Did the 10x clover recipe 28 times and it's about 33%. It's gambling though since you have a high chance of getting excess garbage instead of lodestones. 21:18, 10 November 2012 (UTC)
Just did it another 22 times, got clovers 7 times with the "10-clover recipe". 05:12, 11 November 2012 (UTC)
The expected amount of tries is too low to have the two ways 'statistically average out'. 13:48, 23 November 2012 (UTC)
I feel like it's worth mentioning that the 20-50 rule for the 10 stack is incorrect, on my first attempt I got 17 ancient wood logs (yeah miserable fail, ill only be doing singles from now on.) But if singles are a guaranteed 2-5, that already puts it at a better value recuperation rate than the 10. --The preceding unsigned comment was added by (talk).

[edit] Other drops?

I tried the 10 clover recipe and got 10 Crystal Lodestones. Do these count as a Tier 6 material or should the wiki page be amended? Svartalf 14:48, 29 November 2012 (UTC)

Having looked up the page I linked, it appears they are a Tier 5 material. The wiki page should definitely be changed to reflect this (it appears all drops are nerfed game-wide, at the moment. Svartalf 14:51, 29 November 2012 (UTC)

I got 3 Mystic Coins whith the one-clover recipe, and also Lodestones -- Crazy 07:13, 6 December 2012 (UTC)

I've got 20 globs of ecto with ten-clover recipe. --Lordnex 13:09, 15 December 2012 (UTC)

I just got 2 Crystals with the 1 clover recipe. User Kirbman signature.png talk 08:20, 20 December 2012 (UTC)
Same as Kirbman -- Crazy 09:53, 22 December 2012 (UTC)
and 5 Mystic Coins User Kirbman signature.png talk 05:12, 27 December 2012 (UTC)
I got 50 Mystic Coins The preceding unsigned comment was added by (talk • contribs) at 03:46, 8 April 2013 (UTC).

[edit] drop rate

Mystic Clover/Drop rate for tracking items received from 10 clover recipe. There will be people who want each type of crafting material and amounts, you can make tables for that too.--Relyk 08:39, 6 December 2012 (UTC)

Somebody changed the drop rate from 33% to 20%. Is there solid evidence behind this? If so can it be linked here? I only see the original source and my source for drop rates, both of which are > 20% by no small margin. Kojin 05:07, 8 January 2013 (UTC)

I did the change, based on applying the recipe 150 times on Jan 17, and getting 29 clovers. Before the January 10 release I applied the recipe 100 times and got 35 clovers. I would say it is a pretty good statistical sample. Not sure what kind of "solid evidence" you are looking for, nor do I care you removed potential useful information. Do as you please.

Can confirm this a little, I would say I minimum put 300 ectos for 77 clovers. Unfortunately I have not wrote down that exactly. Also I'd like to add, I believe, whenever you "start" your "forging", you have to spend more to get to the result. like, 8 times crap and only after that some clovers -- 02:26, 12 January 2013 (UTC)
Also confirmed rate drop to 20%. Before Jan 10 update I did 100 batches of the 1 clover recipe, resulting in 35 clovers. On January 17 I did 150 batches resulting in 29 clovers. Did not notice any other changes in drops.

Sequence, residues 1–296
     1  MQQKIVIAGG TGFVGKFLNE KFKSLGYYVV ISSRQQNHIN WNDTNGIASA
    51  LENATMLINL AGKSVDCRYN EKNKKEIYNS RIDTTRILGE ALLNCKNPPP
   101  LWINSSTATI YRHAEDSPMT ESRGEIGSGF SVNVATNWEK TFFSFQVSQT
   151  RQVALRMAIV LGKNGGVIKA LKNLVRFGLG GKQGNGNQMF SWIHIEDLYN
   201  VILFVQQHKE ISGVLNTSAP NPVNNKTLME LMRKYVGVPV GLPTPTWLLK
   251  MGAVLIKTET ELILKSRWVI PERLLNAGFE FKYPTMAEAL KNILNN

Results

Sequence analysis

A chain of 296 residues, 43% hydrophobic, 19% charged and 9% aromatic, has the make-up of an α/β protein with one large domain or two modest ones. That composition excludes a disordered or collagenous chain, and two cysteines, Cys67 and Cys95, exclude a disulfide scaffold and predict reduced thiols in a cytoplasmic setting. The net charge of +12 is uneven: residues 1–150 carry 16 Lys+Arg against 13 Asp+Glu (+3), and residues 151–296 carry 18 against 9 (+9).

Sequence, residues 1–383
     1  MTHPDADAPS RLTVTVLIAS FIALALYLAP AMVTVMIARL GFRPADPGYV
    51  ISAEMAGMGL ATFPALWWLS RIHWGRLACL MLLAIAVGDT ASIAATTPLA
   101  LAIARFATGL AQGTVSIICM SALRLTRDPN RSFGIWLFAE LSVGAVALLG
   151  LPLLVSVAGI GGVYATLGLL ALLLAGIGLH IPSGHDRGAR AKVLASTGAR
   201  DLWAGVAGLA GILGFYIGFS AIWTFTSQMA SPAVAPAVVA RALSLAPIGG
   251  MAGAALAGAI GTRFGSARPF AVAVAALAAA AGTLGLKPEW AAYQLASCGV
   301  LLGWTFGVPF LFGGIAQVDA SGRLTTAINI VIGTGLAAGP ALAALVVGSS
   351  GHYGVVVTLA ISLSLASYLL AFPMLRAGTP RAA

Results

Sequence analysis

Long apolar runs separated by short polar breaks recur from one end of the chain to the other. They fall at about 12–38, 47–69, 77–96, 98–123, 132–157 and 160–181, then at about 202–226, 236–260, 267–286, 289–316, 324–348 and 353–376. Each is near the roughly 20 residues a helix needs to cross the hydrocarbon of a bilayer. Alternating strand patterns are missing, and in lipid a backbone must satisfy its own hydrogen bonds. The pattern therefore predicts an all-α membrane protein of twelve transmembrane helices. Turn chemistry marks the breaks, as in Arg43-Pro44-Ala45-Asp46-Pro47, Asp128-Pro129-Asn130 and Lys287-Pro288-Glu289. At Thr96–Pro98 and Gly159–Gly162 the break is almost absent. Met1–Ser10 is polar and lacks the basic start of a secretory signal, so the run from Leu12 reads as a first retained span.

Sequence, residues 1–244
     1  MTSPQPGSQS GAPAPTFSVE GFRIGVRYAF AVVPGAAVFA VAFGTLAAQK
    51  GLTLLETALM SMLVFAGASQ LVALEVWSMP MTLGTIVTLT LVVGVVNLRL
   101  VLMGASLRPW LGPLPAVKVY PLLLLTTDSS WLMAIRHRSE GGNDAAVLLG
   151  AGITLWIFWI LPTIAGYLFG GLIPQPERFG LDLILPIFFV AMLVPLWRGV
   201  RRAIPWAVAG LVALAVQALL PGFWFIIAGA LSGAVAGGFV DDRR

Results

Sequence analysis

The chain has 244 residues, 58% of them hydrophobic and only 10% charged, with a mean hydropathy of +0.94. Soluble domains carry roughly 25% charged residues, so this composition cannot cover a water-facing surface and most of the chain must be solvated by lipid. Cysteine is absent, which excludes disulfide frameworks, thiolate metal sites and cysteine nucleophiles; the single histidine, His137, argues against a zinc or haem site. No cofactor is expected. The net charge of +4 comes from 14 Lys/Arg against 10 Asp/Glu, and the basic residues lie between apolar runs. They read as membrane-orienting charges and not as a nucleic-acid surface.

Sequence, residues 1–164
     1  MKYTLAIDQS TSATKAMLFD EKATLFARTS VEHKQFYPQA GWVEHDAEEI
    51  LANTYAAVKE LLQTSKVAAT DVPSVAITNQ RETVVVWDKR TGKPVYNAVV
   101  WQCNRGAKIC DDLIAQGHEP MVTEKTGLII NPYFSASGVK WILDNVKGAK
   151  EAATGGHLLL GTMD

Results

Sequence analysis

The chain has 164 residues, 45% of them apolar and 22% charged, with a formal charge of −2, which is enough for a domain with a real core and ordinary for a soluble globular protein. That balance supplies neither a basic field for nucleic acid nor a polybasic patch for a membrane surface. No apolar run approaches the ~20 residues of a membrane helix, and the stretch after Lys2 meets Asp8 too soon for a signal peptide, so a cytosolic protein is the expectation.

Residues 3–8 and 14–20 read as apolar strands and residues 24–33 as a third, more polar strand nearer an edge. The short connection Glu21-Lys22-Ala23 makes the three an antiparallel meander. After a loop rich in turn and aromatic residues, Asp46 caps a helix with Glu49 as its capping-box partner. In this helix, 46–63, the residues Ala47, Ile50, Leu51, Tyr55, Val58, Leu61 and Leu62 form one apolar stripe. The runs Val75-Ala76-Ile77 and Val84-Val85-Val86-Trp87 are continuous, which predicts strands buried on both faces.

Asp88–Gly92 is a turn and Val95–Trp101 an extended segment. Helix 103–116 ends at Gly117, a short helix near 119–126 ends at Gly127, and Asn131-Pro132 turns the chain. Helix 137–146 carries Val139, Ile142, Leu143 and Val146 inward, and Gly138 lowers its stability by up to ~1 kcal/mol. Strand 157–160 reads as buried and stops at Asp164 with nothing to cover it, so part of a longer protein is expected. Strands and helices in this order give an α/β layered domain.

April 5, 2013 - 71 Clover from 190 attempts using single recipe- ~37% Grishkafool 14:49, 6 April 2013 (UTC)

Drop rate certainly is well below what it says here. On my second legendary, don't have exact figures, but closer to 20% than 37.... the figures given here are overly optimistic. 07:11, 28 August 2013 (UTC)

[edit] Obsidian Shards

Just got 2 obsidian shards when I tried to make a this new? 20:17, 5 January 2013 (UTC)

I tried the 10x recipe for the first time and got 20 crystals in return. Never felt so ripped off. (Posted my findings to the drop rate discussion page) 10:56, 21 January 2013 (UTC)

[edit] Notes

It says that on average it costs 5 ectos/shards/coins/skill points per clover. Unless theres something I'm missing on average it takes 3 mystic clover recipes to get 1, which gives 3 ectos/3shards/3coins/2.4 skill points. Update these numbers, feel free to revert if im wrong Calach 06:21, 12 January 2013 (UTC)

If someone wants to change the numbers, provide the correct formula for calculating the average, do not simply replace the equation with an integer.--Relyk ~ talk > 22:21, 24 January 2013 (UTC)

[edit] 1 or 10 clover recipe

Which one is the best recipe in your opinion?

Depends on how much time you have. 1 clover recipe requires more clicks to produce 77 clovers, 10 clover recipe requires higher risks - you can get like 20 useless gossamer bolts. MalGalad 21:23, 25 April 2013 (UTC)
Then, time apart, 1 clover is safer?
I'm not an expert in probability theory, but yes, on such small numbers it's safer. MalGalad 21:22, 25 April 2013 (UTC)
Say you are choosing between the 1-clover recipe 100x or the 10-clover recipe 10x. It's easy to see being unlucky 5 times in a row, lucky once, and unlucky 4 more times. It's harder to get unlucky 90 times out of 100 tries. You can experiment with this using a google spreadsheet and its random number generator and see that the 1x recipe is more likely to provide average results for 100 tries compared to the 10x recipe used ten times.
On the other hand, if you are on some sort of lucky streak, then it's easier for the 10x recipe to give you awesome results. As noted above, 1x recipe is less likely to give you horrible luck, but the 10x recipe is less work. The main thing to remember is, like all gambling, the house always wins -- it's a gold & material sink, so expect to be unlucky. 22:12, 25 April 2013 (UTC)